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The Canadian International Trade Tribunal’s inquiry on steel safeguards – What you need to know

Author(s): Shalu Atwal, Riyaz Dattu, Gajan Sathananthan

Oct 24, 2018

In this international trade brief, we explain what you need to know about the Canadian International Trade Tribunal’s inquiry on steel safeguards, and why stakeholders that are likely to be  impacted by these safeguards should file a notice of participation with the Tribunal on or before the October 29, 2018 deadline.

As discussed in our last international trade brief, the Government of Canada has announced that it will be imposing provisional safeguard measures starting on October 25, 2018 on imports of seven steel products:

  • heavy plate;
  • concrete reinforcing bar;
  • energy tubular products;
  • hot-rolled sheet;
  • pre-painted steel;
  • stainless steel wire; and
  • wire rod.

These provisional safeguard measures (which we outlined in more detail in our previous international trade brief) will be in place for 200 days pending the results of the inquiry conducted by the Canadian International Trade Tribunal (Tribunal) which will issue a report on whether some of these measures should be extended for an additional period of time. Should the safeguard measures be extended, one can expect price increases and potential shortages for certain types of products that are not produced within Canada in sufficient quantities.

The requirements for an inquiry and the pre-conditions for imposing safeguards are prescribed  by Canada’s obligations under the World Trade Organization’s Agreement on Safeguards. The Tribunal, in conducting its inquiry, will assess whether the importation into Canada of these seven products are occurring in such increased quantities and under conditions as to be a principal cause of serious injury or threat thereof to Canadian producers of like or directly competitive goods. If the Tribunal determines this question in the affirmative in the case of one or more of these products, it will recommend the most appropriate remedy to address the injury or threat of injury over a maximum period of three years.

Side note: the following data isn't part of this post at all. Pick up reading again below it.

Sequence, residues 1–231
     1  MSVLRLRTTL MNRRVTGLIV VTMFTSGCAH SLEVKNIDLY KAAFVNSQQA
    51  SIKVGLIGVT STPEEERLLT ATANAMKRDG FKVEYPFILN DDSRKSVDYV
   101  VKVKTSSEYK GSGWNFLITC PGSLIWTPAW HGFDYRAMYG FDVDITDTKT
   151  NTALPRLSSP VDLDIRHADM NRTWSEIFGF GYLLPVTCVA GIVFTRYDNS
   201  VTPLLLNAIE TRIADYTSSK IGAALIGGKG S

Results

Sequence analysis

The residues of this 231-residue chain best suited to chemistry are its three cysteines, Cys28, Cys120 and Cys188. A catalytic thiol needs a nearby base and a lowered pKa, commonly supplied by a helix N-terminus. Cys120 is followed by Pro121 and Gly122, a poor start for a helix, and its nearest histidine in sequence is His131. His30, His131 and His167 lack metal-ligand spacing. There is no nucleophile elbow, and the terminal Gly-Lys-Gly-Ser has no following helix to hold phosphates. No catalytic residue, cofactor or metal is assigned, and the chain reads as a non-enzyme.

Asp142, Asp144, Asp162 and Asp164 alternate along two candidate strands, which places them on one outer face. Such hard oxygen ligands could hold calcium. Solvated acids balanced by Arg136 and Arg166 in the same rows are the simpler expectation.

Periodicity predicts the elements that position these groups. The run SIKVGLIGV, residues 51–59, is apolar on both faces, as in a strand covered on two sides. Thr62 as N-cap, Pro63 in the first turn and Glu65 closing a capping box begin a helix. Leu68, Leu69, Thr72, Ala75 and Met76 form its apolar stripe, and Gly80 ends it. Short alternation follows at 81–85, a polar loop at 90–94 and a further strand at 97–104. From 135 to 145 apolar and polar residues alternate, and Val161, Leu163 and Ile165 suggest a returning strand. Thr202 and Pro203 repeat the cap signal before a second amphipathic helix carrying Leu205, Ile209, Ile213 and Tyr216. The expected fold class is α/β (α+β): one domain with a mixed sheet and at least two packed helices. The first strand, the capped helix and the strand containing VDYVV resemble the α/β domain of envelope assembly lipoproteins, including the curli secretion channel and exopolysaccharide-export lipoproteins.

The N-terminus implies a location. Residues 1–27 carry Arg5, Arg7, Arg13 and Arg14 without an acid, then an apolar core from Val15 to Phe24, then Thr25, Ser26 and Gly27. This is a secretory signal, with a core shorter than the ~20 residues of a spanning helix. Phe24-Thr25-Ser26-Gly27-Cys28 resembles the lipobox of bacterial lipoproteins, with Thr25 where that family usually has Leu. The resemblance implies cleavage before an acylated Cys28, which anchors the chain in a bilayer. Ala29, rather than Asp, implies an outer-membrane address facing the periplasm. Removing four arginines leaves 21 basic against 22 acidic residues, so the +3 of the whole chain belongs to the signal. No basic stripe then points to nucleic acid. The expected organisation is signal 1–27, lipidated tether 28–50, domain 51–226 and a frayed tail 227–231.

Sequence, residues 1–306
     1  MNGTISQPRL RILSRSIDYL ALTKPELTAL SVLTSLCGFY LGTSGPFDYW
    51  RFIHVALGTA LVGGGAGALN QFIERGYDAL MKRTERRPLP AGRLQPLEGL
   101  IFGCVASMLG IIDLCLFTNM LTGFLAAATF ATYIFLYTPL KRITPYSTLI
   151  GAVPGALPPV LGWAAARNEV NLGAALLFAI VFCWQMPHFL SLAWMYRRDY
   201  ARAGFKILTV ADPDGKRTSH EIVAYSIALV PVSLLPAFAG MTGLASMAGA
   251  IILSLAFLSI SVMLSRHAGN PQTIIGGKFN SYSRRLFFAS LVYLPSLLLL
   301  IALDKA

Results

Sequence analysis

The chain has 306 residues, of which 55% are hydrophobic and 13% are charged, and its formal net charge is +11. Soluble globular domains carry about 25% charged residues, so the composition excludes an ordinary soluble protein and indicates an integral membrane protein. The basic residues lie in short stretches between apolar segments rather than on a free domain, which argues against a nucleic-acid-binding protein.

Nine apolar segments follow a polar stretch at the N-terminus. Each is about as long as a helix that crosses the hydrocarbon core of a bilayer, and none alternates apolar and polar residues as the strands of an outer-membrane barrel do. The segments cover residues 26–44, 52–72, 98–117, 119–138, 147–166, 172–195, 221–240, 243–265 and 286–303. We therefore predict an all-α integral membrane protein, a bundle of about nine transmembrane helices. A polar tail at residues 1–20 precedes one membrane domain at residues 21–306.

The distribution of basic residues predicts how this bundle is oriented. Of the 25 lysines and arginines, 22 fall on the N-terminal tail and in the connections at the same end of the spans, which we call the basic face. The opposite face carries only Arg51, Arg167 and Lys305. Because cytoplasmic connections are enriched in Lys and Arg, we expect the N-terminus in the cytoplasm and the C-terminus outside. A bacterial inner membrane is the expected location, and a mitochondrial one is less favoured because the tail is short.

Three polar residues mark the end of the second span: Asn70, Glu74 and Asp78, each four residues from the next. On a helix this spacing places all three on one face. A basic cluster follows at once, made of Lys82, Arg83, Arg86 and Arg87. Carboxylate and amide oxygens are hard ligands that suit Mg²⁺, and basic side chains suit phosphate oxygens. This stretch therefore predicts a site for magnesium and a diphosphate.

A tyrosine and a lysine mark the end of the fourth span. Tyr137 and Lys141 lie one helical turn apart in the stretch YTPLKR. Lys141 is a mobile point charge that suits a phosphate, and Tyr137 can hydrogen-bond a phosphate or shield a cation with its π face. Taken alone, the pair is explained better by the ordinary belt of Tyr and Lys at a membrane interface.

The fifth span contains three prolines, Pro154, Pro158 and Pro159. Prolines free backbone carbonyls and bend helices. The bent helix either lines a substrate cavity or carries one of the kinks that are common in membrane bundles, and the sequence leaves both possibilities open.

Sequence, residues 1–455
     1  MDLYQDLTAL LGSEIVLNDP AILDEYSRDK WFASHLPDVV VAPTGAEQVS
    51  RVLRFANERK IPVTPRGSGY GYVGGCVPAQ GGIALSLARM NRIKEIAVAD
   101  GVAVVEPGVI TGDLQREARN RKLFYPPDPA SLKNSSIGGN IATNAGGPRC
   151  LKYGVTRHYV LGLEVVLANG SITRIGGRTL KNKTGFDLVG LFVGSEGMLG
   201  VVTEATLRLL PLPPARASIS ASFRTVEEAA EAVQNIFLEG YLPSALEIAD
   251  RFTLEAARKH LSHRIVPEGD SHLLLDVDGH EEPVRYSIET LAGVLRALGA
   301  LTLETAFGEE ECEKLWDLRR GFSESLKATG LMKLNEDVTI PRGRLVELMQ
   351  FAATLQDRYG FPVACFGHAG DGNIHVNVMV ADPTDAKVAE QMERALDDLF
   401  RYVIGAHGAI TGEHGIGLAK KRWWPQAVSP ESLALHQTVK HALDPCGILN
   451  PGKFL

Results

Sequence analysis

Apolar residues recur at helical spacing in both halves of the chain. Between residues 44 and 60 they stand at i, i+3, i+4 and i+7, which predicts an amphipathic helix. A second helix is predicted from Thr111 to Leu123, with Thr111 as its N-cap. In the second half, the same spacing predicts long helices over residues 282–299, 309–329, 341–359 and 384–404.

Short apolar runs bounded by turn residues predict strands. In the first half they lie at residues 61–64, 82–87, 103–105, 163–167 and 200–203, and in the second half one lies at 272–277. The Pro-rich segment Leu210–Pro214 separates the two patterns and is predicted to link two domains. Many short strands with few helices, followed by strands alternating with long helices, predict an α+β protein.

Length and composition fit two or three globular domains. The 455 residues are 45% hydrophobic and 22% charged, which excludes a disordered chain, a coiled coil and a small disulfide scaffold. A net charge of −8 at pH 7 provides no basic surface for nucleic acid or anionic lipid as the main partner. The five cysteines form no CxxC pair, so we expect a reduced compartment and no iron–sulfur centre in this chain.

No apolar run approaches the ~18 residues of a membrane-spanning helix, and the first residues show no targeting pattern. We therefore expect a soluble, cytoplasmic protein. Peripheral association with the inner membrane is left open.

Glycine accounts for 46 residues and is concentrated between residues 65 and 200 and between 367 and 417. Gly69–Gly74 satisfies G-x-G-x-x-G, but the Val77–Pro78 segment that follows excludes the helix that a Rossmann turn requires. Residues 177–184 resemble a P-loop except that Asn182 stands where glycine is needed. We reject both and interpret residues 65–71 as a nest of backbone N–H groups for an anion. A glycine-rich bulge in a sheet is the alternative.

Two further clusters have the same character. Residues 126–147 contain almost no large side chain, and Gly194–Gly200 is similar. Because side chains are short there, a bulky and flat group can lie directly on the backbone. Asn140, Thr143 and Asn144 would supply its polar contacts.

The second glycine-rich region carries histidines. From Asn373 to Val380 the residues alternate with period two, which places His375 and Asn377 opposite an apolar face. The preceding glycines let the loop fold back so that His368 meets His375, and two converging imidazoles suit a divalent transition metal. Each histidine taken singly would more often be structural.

The Tribunal commenced the inquiry on October 11, 2018 and the final report is due April 3, 2019. The Tribunal will hold public hearings in January 2019 in Ottawa, with two days of hearings reserved for each class of goods. The deadline to file a notice of participation is Monday, October 29.

There are a few key differences between inquiries into safeguard measures against fairly traded products, which have been conducted by the Tribunal only in exceptional circumstances and usually at the direction of the Canadian government, and the Tribunal’s domestic producer complaints-initiated inquiries into unfairly traded products (i.e., anti-dumping and countervailing duties). These key differences should be taken into consideration by potential participants when making the decision whether to participate in this inquiry:

  1. There is a significantly higher evidentiary burden on the domestic industry in a safeguards inquiry, as it requires demonstration of “serious” present or future injury, not just injury, and that the imports be a “principal” cause, not just “a” cause of the injury.